Copy-Paste and Fraudulent Medical Billing

Excessive documentation in the electronic health record

Medical bill
Nancy R. Cohen/Photodisc/Getty Images.

While copy-paste may be a convenient tool for busy clinicians using an electronic health record (EHR), the practice can lead to inaccurate and misleading information in the EHR. Another pitfall of using the copy-paste function in the EHR is the ease with which it can support fraudulent billing.

When paper medical records were the norm, physicians wrote progress notes about patients in order to communicate with other healthcare providers.

In the age of the EHR, a major function of electronic progress notes is to provide documentation to support the billing of insurance companies. Errors in documentation lead to incorrect billing.

For example, a physician would typically perform a complete history and physical exam on a new patient in a medical practice. The history would address current illnesses, past medical problems, surgical operations, medications, allergies, family history, and social circumstances. The physical exam would cover all major body organs. It would be appropriate for the physician to document the complete history and exam, as it was performed, and to bill the insurance company for the corresponding level of care.

Suppose that the same patient returns in a few months to discuss an isolated problem (e.g. sinus pain). Instead of performing another complete history and exam, the physician would focus on the problem by asking questions and performing an exam relevant to sinus pain.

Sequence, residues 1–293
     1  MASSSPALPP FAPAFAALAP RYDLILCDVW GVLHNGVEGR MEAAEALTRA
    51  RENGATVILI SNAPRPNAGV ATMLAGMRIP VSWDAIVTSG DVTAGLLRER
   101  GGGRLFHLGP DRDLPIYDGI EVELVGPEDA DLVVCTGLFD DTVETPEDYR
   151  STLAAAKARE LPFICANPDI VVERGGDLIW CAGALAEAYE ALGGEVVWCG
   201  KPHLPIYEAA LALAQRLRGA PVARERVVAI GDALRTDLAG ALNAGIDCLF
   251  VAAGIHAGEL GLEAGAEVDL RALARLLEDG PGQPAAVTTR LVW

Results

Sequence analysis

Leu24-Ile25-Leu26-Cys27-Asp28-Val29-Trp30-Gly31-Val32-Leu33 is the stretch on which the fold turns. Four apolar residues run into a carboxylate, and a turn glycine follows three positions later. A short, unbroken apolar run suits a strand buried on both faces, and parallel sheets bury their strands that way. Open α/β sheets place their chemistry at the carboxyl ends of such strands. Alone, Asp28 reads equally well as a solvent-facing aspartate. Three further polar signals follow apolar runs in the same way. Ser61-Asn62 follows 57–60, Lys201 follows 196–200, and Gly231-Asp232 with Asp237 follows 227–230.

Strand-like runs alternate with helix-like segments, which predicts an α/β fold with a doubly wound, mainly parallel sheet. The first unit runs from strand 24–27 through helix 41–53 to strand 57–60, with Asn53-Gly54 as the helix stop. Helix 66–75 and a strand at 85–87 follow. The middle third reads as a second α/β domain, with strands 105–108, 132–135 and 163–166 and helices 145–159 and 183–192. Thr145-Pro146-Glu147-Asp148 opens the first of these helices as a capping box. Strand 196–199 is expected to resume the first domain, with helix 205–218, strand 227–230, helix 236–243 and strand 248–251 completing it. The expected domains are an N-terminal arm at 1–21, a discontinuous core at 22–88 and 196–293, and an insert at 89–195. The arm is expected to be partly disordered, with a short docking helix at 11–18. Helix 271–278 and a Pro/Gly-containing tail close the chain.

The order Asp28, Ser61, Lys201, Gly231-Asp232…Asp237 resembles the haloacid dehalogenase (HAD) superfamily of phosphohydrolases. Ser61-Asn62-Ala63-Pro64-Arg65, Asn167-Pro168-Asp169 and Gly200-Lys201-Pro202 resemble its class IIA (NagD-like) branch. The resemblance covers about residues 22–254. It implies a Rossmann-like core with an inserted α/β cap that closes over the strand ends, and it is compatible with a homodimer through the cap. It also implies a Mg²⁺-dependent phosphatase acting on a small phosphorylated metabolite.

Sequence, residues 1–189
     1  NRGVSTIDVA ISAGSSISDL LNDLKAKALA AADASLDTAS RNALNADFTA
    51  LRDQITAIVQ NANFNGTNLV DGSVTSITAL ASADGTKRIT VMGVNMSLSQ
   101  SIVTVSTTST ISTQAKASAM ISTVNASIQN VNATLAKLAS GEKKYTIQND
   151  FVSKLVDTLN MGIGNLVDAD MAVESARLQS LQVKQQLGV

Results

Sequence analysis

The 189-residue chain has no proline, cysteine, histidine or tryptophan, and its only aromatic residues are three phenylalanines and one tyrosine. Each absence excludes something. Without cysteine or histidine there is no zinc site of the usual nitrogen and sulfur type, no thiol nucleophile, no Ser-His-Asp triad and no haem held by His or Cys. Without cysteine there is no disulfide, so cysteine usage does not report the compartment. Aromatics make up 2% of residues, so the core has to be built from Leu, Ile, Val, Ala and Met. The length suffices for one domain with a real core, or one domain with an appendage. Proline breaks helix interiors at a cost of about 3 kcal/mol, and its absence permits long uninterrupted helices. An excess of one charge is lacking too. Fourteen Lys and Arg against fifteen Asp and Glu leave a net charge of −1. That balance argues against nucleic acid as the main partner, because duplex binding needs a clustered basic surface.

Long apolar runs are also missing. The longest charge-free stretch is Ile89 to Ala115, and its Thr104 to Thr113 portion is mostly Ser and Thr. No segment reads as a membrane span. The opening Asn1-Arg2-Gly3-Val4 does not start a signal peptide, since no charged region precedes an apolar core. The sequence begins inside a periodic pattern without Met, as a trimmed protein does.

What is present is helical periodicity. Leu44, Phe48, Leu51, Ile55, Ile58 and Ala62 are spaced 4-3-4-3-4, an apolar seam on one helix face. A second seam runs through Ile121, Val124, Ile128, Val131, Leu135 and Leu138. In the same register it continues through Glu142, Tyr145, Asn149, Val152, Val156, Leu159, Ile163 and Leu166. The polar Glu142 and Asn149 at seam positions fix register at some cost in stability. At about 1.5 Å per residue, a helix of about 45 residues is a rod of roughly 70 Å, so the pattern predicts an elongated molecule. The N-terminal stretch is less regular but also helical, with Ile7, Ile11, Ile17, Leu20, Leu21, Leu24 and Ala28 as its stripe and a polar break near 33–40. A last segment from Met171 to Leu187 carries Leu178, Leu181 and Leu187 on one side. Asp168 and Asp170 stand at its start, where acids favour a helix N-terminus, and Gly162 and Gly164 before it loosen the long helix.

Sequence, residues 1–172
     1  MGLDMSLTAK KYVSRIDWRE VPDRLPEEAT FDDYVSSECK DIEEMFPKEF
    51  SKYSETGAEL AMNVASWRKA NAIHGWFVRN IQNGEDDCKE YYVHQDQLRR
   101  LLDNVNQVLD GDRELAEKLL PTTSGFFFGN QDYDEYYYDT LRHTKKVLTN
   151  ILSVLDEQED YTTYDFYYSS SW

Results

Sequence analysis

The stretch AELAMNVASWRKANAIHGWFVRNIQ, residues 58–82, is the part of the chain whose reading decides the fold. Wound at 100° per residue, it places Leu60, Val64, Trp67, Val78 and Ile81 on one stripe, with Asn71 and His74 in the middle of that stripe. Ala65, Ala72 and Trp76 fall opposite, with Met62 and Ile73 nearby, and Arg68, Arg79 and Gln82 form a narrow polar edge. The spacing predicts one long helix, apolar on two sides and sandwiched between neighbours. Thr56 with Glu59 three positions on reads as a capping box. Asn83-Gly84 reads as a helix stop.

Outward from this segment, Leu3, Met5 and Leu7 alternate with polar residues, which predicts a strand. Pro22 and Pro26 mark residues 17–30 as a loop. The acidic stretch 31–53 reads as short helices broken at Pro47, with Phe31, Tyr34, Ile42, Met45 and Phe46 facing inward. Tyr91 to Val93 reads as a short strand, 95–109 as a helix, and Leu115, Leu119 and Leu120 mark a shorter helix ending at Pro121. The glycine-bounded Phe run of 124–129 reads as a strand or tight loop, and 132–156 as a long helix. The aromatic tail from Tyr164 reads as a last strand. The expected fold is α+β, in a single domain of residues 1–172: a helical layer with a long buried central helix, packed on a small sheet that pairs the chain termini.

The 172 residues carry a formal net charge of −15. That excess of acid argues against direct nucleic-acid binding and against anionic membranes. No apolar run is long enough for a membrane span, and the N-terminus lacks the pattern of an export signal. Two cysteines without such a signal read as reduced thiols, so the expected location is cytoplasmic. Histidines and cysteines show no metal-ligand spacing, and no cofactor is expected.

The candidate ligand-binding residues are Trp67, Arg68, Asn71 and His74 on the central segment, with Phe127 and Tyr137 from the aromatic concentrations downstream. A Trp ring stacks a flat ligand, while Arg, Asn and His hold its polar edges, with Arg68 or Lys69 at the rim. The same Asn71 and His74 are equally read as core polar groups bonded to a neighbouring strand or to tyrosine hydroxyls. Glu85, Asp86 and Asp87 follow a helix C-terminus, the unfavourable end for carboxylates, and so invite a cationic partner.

If the physician uses copy-paste to carry forward all the information from the prior note (complete history and exam) into the current note, this would falsely imply that a higher level of service was provided.

Over-documentation occurs when a higher level of care is documented in the progress note relative to the level of care that was actually provided.

Note that not all instances of over-documentation are due to misuse of the copy-paste function. Some EHRs include templates which make it easy to auto-populate fields in the progress note. Other systems generate comprehensive documentation on the basis of clicking a single check box. If the clinician does not edit the information to reflect the actual level of service provided, then over-documentation can occur.

To take it a step further, if the physician bills the insurance company for a complete history and physical when only a focused history and exam was performed, this would be fraudulent billing. Clinicians may intentionally use the copy-paste function to over-represent the amount of services provided in an effort to boost reimbursement from the insurance company. Or they may commit billing errors simply as a byproduct of trying to improve efficiency. 

In a January 2014 report, the Office of the Inspector General (OIG) of the US Department of Health and Human Services estimated the cost of health care fraud at somewhere between $75 billion and $250 billion.

The investigation concluded that the Centers for Medicare & Medicaid Services (CMS) and its contractors were ill-prepared to recognize fraudulent medical billing associated with copy-paste and over-documentation. Among other measures, the OIG recommended that audit logs and other technical advances be used to detect copy-pasted text in EHRs.


Department of Health and Human Services Office of the Inspector General. CMS and its Contractors Have Adopted Few Program Integrity Practices to Address Vulnerabilities in EHRs. Accessed on June 30, 2014.

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